The problem is that despite character development options, the bulk of actual play just isn't enjoyable, thanks in equal part to combat mechanics and technical troubles. Whether you're casting spells, slinging arrows, or swinging swords, beating down monsters means clicking the heck out of anything that moves.
That's not necessarily a bad thing: simplistic gameplay can be a blast. Unfortunately, while other games concentrate on action-packed carnage, Mage Knight: Apocalypse interrupts the flow constantly with amateurish pathfinding issues that hang your companions up on the simplest of obstacles, a spastic manual camera, and enemies that seem to enjoy standing idly incorners. A few of the linear hack-and-slash missions seem like real stumpers until you realize the last wave of goons got stuck and need to be lured around an obstacle.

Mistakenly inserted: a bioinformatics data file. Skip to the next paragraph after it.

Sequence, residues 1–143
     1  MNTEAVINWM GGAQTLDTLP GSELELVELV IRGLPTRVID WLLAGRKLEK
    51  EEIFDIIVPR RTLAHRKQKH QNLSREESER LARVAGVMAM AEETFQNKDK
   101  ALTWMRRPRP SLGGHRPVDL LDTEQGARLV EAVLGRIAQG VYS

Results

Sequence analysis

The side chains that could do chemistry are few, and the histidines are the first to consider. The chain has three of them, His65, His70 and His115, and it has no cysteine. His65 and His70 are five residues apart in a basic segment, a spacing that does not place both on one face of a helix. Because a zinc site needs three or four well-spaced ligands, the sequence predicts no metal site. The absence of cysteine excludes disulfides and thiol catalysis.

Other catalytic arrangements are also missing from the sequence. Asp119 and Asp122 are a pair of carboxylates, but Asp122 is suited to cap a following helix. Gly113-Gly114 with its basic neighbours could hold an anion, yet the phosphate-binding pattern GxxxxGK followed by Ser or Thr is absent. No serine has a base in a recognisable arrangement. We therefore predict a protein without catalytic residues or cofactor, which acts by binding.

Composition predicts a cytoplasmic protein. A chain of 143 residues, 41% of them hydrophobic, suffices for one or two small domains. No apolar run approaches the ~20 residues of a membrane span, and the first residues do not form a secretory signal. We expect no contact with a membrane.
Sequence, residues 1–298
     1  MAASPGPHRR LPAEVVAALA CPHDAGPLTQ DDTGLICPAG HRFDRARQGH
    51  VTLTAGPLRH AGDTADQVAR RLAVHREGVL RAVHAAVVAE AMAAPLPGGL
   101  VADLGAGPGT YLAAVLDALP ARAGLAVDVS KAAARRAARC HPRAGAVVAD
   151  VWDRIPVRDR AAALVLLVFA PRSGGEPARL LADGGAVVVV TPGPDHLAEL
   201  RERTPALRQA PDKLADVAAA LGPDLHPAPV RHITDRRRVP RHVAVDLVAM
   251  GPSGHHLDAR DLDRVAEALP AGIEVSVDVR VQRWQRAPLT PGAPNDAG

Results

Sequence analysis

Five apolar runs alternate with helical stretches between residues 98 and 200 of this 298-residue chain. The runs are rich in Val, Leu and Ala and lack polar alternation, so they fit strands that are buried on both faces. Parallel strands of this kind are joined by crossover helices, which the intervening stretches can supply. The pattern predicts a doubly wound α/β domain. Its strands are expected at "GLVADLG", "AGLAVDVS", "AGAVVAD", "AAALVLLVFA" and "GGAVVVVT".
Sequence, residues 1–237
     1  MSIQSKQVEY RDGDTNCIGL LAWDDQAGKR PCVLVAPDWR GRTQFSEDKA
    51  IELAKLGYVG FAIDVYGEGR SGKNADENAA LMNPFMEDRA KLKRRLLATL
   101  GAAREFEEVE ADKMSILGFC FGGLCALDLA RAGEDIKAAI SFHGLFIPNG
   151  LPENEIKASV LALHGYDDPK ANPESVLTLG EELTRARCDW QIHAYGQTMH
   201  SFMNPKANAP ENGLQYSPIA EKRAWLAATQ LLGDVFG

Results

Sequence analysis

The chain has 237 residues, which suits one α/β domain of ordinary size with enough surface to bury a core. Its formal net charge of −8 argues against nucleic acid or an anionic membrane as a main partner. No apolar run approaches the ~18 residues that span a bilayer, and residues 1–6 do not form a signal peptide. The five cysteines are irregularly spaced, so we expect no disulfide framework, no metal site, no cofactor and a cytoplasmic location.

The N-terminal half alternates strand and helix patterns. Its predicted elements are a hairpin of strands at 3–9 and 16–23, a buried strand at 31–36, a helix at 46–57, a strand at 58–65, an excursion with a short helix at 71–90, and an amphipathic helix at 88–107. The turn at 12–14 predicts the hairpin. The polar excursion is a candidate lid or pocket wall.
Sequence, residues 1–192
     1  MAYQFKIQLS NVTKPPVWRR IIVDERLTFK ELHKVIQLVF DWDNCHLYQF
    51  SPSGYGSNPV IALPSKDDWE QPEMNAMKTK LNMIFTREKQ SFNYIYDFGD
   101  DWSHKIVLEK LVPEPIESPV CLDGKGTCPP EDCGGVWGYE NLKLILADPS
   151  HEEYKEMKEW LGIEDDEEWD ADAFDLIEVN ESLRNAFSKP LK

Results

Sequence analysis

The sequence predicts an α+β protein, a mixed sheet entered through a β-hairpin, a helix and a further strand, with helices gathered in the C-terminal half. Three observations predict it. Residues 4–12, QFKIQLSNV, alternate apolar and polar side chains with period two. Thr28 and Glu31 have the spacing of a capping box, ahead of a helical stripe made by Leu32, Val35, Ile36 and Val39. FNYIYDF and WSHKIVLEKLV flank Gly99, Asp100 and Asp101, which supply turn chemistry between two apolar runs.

There's never any sense of jeopardy from the decent looking but utterly braindead bosses, and though you'll find yourself dying frequently, there's no incentive to develop strategy since your nitwit companions can't navigate, and all damage done to bosses survives your resurrection. Other irritations mount on the side, like the loot system that forces you to micromanage your backpack to the point of agony, character interjections that fill your screen with text while you're trying to fight and shops that overwhelm you with hundreds of purchase options at a time. That the storytelling is hopelessly unexciting doesn't help, either.